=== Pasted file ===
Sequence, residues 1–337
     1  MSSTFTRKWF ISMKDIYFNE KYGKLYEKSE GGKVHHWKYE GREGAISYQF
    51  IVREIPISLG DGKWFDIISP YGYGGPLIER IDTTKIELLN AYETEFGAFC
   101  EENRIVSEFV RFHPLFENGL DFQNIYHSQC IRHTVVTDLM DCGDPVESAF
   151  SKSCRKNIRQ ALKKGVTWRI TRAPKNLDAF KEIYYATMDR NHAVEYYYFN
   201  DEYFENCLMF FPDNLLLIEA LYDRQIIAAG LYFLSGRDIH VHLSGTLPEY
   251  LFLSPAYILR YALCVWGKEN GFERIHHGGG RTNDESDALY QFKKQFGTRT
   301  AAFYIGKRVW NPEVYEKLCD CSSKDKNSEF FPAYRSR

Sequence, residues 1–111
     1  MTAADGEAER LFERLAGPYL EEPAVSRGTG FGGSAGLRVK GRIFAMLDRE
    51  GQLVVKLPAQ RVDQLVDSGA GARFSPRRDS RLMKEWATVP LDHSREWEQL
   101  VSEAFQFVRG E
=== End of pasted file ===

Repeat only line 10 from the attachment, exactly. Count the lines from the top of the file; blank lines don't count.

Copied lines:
     1  MTAADGEAER LFERLAGPYL EEPAVSRGTG FGGSAGLRVK GRIFAMLDRE